These drug names are too close for comfort

Look-alike and sound-alike similarity between the names of two different medications used in epilepsy might be putting children in jeopardy of getting the wrong medication. The drugs are clobazam and clonazepam.

Children with a rare and severe form of childhood onset epilepsy known as Lennox-Gastaut Syndrome (LGS) are most vulnerable to this error. Clobazam was approved by FDA in October 2011, specifically for this condition. LGS is characterized by frequent seizures and different seizure types, often accompanied by developmental delay and psychological and behavioral problems. Its onset is generally between the ages of 4 to 6.

Mix-ups between these two medications have been reported to us, both by hospitals and community pharmacies, and the potential for confusion is unmistakable.

Last month we heard from a pharmacist who made this error. He told us that the mother noticed the mix-up when she got home. She came back to the pharmacy and exchanged the medicine. Three other close calls have been sent to our error reporting program.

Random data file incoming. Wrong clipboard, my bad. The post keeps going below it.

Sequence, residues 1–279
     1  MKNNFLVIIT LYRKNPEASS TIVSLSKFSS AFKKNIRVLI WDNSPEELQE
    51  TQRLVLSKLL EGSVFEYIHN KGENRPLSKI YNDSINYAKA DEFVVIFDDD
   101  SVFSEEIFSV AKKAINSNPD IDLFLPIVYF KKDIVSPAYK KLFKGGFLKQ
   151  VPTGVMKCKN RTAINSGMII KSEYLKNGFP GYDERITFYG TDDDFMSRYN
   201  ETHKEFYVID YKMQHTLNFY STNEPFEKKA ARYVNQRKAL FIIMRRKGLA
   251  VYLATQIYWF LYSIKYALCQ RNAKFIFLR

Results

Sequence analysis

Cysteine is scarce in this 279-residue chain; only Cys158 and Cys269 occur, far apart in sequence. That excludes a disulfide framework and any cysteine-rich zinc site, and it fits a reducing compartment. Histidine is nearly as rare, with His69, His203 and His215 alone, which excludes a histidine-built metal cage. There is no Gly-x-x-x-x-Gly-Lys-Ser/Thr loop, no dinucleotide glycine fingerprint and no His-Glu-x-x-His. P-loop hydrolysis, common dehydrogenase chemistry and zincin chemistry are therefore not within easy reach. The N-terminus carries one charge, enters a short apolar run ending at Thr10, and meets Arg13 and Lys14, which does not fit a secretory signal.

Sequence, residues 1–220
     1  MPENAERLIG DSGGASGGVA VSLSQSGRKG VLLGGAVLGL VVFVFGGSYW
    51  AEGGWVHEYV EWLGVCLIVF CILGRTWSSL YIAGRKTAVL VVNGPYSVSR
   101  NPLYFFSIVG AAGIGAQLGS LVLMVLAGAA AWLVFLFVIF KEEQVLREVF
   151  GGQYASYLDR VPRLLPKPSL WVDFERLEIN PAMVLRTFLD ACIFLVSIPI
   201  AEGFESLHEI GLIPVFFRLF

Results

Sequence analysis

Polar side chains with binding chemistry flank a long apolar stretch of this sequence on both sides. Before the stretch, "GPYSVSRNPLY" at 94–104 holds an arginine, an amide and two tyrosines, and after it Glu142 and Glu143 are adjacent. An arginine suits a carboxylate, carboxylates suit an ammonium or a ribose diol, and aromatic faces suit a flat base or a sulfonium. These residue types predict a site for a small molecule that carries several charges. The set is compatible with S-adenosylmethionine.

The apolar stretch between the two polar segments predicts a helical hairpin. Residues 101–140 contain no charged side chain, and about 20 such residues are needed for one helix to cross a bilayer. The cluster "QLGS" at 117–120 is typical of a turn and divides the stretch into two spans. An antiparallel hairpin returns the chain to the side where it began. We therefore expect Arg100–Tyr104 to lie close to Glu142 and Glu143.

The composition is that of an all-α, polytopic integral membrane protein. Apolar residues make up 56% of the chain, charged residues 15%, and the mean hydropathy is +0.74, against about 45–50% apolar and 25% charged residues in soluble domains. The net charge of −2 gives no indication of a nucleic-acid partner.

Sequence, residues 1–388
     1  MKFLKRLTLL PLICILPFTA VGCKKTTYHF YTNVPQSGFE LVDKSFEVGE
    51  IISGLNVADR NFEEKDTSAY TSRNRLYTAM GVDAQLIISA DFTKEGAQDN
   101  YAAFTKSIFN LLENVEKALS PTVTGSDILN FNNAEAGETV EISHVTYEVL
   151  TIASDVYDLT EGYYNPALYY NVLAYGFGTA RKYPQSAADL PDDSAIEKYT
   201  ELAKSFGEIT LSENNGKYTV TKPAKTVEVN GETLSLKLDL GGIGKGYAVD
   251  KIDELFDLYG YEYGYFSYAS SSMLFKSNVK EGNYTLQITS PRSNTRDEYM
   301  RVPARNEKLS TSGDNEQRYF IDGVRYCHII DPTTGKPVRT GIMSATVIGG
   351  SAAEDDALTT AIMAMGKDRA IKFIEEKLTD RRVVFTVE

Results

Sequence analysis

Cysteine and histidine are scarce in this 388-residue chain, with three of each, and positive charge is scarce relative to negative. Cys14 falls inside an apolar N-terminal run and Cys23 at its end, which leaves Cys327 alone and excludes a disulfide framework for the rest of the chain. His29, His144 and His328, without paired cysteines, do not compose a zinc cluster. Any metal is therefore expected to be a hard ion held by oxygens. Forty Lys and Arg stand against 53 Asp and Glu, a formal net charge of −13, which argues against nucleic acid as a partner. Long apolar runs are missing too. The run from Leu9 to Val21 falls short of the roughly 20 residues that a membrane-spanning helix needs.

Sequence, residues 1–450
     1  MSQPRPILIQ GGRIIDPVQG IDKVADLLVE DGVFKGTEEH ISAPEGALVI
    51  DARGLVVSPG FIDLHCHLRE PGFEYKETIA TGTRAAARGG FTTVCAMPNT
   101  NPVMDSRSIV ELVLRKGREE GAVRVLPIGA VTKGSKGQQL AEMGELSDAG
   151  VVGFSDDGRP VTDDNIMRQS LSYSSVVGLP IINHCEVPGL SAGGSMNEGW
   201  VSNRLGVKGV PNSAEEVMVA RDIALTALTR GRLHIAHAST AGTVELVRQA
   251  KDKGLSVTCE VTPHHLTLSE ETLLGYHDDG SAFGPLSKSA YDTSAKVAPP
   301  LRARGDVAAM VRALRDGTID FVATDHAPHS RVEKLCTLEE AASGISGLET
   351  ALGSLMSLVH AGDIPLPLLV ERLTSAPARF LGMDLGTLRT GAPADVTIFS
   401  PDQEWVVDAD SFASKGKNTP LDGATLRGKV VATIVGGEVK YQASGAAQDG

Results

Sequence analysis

Both clobazam and clonazepam are members of a class of drugs known as benzodiazepines, which are mostly used for panic anxiety, panic attacks and sedation and sleep. But they can also be used in epilepsy. Other related drugs are Xanax, Valium and Ativan.  Clobazam and clonazepam have about a 10-fold difference in strength; Clobazam is said to be less sedating that clonazepam, which is helpful for kids.

Besides the name similarity, part of the problem is that it takes a long time for a new drug to penetrate the medical community. So some pharmacists and nurses still might not be familiar with clobazam. On the other hand, clonazepam, which can also be used in LGS, has been around for many years, has a much wider array of uses and is familiar to almost all health professionals. With such similar spelling, pharmacists and nurses familiar with clonazepam but not clobazam may inadvertently see the much more familiar drug name when reading a prescription.

Probably the best way to prevent mix-ups is for doctors to order clobazam by its brand name, Onfi. Clonazepam is also known as Klonopin but it’s also available as a generic. Parents of children with LGS should be aware of the potential problem since they are the ones most likely to be prescribed clobazam.